Journey into the wild

Wild Worlds image courtesy of The Gloucestershire Echo

Wild Worlds image courtesy of The Gloucestershire Echo

This summer, The Wilson invites you to journey into Wild Worlds, an immersive and innovative exhibition of artwork inspired by beasts savage, domestic, fantastical and real, or at least based on real creatures.

The exhibition takes up two whole floors at Cheltenham’s beautiful art gallery and museum on Clarence Street, and offers the chance to explore, play, dream and create.

Single Dog by Catrin Howell

Single Dog by Catrin Howell

The exhibition, in two parts, is on until 4th September, with the lower floor showcasing a display of animal art on loan from Aberystwyth University’s ceramics collection. “From lions, tigers and rhinoceroses, to more familiar creatures like cows, foxes, and dogs, this part of the exhibition will encourage children and families to consider how animals are used around the world in storytelling and mythology,” says Julie Finch, CEO of The Cheltenham Trust, which manages The Wilson.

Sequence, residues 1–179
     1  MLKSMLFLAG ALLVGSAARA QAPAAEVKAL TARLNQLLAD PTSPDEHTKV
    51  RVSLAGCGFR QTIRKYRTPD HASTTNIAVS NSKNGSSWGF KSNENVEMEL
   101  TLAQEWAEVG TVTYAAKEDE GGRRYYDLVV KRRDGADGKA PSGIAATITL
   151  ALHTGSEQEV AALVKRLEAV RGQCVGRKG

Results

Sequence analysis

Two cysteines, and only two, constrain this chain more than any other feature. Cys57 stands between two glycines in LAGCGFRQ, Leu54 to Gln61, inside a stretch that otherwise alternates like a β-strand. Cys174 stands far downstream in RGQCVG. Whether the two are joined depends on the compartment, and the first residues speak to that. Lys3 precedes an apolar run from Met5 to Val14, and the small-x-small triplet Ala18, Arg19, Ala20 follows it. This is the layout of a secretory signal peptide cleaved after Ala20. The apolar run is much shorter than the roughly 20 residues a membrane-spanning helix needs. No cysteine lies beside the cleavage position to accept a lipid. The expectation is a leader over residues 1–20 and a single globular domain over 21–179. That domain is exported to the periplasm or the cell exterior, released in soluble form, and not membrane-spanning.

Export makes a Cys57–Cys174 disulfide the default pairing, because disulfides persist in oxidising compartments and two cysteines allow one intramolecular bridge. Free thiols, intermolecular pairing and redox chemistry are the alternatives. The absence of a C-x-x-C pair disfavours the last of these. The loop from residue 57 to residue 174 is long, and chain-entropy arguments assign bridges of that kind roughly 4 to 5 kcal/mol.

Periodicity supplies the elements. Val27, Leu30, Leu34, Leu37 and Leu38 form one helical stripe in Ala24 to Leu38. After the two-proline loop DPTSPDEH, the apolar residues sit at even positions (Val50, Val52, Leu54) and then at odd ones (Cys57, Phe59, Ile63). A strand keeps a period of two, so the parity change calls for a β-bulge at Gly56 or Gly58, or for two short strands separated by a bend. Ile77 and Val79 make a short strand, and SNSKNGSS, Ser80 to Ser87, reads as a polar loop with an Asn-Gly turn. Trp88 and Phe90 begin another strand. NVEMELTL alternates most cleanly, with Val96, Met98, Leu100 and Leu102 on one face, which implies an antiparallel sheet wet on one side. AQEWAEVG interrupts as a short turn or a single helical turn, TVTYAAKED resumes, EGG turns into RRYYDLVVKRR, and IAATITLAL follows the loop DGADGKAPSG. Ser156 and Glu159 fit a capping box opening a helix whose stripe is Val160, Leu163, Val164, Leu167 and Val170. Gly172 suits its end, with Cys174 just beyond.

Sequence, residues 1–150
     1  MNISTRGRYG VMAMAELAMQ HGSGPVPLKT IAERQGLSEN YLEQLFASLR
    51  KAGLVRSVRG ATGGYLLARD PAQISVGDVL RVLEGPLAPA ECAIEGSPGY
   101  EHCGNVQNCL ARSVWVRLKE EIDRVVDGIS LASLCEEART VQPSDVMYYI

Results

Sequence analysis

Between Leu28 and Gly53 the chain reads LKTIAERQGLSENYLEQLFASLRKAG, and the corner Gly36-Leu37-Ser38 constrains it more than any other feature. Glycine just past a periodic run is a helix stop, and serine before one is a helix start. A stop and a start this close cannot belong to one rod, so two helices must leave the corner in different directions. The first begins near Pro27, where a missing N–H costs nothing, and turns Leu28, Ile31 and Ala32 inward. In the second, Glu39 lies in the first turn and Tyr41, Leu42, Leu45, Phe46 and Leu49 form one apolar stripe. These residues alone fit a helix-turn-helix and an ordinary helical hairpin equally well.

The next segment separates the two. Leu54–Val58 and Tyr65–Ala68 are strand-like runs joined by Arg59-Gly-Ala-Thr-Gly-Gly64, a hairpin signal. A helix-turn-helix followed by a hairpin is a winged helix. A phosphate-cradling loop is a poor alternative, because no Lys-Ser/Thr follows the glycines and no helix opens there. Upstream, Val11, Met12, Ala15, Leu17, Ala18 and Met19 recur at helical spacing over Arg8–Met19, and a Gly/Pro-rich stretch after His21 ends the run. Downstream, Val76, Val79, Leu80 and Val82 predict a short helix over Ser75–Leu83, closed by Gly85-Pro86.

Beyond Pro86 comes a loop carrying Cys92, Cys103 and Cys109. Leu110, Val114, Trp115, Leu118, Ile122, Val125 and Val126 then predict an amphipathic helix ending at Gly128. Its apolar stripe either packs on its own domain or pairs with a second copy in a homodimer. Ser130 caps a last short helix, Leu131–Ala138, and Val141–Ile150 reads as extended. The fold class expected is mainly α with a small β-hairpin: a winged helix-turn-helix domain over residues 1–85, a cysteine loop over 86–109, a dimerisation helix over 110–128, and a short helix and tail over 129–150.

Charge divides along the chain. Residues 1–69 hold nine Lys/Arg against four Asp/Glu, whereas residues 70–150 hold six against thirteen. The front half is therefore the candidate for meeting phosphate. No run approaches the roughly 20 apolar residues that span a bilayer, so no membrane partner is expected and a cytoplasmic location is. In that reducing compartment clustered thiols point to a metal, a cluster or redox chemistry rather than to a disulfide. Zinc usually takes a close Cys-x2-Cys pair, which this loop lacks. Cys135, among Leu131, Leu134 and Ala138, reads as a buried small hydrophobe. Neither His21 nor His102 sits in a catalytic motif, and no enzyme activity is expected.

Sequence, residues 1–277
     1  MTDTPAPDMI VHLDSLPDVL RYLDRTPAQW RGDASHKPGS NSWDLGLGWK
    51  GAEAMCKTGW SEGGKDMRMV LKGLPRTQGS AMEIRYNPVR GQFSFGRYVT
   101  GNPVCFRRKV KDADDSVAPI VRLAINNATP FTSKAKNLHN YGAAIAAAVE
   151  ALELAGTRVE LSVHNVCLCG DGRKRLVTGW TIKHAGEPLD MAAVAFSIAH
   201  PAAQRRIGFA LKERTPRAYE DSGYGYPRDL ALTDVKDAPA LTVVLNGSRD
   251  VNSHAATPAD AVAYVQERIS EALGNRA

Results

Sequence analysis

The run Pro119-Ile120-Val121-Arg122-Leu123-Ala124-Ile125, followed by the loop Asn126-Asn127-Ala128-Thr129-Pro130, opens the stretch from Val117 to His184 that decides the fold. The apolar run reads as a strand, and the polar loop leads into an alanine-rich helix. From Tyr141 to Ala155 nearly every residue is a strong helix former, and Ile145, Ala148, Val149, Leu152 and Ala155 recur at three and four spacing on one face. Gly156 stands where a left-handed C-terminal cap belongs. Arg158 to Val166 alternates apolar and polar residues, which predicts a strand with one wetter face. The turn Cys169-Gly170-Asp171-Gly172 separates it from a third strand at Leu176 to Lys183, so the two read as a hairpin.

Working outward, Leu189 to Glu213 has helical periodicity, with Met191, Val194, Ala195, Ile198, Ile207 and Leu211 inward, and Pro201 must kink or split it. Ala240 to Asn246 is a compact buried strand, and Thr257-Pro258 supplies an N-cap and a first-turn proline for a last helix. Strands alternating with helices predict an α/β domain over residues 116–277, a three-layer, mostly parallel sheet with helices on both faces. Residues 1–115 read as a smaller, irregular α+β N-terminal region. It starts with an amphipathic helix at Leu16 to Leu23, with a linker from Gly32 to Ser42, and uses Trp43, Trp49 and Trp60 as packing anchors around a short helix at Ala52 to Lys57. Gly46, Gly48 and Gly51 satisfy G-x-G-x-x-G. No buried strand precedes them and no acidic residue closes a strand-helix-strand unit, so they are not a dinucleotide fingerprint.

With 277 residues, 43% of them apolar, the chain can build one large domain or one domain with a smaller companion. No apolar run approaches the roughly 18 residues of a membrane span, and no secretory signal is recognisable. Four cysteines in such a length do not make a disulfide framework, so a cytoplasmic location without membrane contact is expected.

Raku Duck by Tony White

Raku Duck by Tony White

In the second section, upstairs in the third floor gallery, you’re invited to enter a purpose-built wild world of discoveries, where flowers bloom and parrots zoom.

Wild Worlds parrot image courtesy of The Gloucestershire Echo

Wild Worlds parrot image courtesy of The Gloucestershire Echo

Inspired by work produced in children’s workshops run by Kerrie Reading, artist Sarah Butterworth and a team of practitioners have worked to transform the gallery into an interactive, tactile, and sensory experience.

Wild Worlds LogoColour, lighting, sound, movement and texture all contribute to evoking the impression of a land where anything is possible.

“We’re very excited about welcoming visitors to see Wild Worlds this summer at The Wilson,” says Julie. “This is a unique, unusual and hugely creative exhibition, and we’re hoping that both children and adults will enjoy feeling like they have explored wild worlds beyond their expectations, and discovered animals to inspire their imaginations.”

Find full details at www.cheltenhammuseum.org.uk.